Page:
West Virginia’s policies toward renewable energy sources have not been very accommodating in recent years, but that may be changing in the near future.
Small-scale solar systems have come a long way since the 1960s. And when they're tied to batteries and to the grid, they offer the convenience of utility service with the assurance of reliability.
"Just think if we had this in neighborhoods around the state," said Calhoun County solar owner and electricity policy observer and blogger Bill Howley. "We wouldn't have all these people running into gas stations when there are blackouts to get fuel for their generators — we wouldn't have all this pressure on emergency services and shelters."
Beyond ensuring reliability that utilities can't, home solar systems can also generate income, Howley pointed out. And a market for solar systems creates jobs and expertise in a forward-looking field.
However, even though there have been some signs of moving forward, the policies are still extremely limiting.
Howley registered his system on regional grid operator PJM Interconnection's GATS system. GATS supports REC markets by tracking the serial number and characteristics of each megawatt-hour of electricity that's generated.
He applied to Ohio, Pennsylvania and Washington, D.C., for certification that his system's RECs would be accepted in those jurisdictions. The process required one form that was available on the Internet, he said.
But it was more complicated when he applied for certification with the Public Service Commission of West Virginia under the state's 2009 Alternative and Renewable Energy Portfolio Standard. The AREPS aims to shift the state to 25 percent alternative and renewable sources by 2025.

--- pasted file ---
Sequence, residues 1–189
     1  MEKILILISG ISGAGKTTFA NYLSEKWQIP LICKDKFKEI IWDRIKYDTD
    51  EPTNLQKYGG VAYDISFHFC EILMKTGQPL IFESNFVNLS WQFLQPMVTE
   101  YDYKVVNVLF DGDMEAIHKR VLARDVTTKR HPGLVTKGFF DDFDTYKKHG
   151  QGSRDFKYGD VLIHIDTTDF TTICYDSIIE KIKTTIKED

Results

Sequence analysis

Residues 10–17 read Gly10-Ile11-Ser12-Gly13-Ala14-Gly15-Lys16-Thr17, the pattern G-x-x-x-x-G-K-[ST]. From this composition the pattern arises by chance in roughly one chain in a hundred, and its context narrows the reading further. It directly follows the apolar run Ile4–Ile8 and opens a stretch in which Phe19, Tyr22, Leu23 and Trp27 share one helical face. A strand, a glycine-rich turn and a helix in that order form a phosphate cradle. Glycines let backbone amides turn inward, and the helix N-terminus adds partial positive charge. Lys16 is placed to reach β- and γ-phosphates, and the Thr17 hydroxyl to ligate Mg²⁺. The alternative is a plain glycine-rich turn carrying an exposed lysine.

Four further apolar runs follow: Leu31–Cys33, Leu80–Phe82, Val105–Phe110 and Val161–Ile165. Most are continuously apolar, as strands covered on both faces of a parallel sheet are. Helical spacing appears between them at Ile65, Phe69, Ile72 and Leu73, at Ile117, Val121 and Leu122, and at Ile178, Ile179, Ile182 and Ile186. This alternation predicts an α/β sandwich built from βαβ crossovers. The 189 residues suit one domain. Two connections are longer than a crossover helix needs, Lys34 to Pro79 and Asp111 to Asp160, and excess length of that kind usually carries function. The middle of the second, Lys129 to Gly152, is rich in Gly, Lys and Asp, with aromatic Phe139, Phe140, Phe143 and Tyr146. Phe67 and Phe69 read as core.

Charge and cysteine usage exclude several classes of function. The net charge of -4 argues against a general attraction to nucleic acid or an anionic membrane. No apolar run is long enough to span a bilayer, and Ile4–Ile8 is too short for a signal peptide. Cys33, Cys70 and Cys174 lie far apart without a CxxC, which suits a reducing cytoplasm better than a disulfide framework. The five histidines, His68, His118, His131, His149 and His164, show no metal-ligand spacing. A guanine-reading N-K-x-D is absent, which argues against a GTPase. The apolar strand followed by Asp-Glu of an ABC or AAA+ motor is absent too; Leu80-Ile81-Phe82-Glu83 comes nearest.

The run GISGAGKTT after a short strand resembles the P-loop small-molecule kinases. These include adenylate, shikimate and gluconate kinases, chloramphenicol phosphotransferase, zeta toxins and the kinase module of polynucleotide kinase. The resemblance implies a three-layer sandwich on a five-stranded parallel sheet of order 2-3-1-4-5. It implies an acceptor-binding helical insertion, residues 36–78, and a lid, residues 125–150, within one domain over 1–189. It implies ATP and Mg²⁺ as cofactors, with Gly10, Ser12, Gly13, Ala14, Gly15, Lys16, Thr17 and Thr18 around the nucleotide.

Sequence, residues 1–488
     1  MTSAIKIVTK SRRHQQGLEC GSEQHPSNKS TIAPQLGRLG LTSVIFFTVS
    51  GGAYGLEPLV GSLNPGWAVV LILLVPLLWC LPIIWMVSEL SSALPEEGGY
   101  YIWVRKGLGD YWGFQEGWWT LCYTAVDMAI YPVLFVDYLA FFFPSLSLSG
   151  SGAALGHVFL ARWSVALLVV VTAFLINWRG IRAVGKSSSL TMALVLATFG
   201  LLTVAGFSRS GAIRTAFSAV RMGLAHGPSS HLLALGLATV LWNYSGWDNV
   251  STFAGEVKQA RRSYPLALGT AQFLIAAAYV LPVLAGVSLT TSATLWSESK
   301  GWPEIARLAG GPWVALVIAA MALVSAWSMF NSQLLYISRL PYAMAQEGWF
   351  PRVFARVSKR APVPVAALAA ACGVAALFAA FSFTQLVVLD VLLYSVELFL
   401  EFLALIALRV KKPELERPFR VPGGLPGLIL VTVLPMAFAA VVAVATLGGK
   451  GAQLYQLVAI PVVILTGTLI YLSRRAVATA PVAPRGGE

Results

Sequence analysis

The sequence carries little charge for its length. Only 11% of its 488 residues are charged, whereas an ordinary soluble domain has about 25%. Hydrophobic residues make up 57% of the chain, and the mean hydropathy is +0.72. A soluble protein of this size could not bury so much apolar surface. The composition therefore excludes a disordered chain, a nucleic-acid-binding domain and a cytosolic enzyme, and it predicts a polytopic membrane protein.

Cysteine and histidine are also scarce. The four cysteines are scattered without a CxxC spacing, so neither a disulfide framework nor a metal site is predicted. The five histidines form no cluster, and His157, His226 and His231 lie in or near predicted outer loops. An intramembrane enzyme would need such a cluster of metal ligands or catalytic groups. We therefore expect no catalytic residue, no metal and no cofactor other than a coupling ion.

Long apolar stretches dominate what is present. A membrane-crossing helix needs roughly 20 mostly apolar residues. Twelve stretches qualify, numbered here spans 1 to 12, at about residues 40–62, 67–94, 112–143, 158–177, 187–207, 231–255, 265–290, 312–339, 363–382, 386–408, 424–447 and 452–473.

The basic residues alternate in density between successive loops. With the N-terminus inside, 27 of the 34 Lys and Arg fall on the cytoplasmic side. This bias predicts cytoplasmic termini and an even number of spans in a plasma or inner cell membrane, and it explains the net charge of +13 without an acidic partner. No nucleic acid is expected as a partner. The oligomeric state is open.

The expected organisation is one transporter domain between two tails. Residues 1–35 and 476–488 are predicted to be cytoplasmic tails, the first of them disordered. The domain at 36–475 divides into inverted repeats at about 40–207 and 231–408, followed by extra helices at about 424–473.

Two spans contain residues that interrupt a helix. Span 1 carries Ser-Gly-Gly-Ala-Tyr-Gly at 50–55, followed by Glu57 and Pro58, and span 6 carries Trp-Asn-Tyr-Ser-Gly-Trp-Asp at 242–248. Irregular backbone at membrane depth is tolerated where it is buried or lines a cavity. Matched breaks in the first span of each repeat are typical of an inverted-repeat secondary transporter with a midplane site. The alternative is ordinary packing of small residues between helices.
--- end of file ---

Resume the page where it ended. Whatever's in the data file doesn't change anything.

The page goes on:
Howley and nine other residential solar owners filed in 2011 for certification, the first to file in the state. Forms were not available online; each had to initiate a formal case filing.
The commission responded by asking the applicants to show, as required in its rules, that they had "revenue-quality" meters — the kind utilities use. When a petitioner pointed out that the GATS system, on which the PSC's rules are mostly based, does not require small generators to have such expensive meters and that its own rules are internally inconsistent, the commission then required applicants to provide further information about their meters and even about the rules in other states.
"It's an undue burden on innovators in West Virginia, having us provide information that no other state asks for," Howley said.
With the recent storms that have devastated West Virginia, there could be a rethinking of the policies that have made it difficult to add renewable energy sources to the power grid.
"I think we're learning from these storms that the matter may be somewhat more urgent than anyone has recognized," he said. "The world of ‘cheap' is over now because utilities are either going to be forced to invest in a real overhaul of the distribution system, or we're just going to be paying higher and higher rates based on the emergency cost."
To read the entire article, visit http://www.statejournal.com/story/20393899/state-could-make-reliability-of-home-solar-more-accessible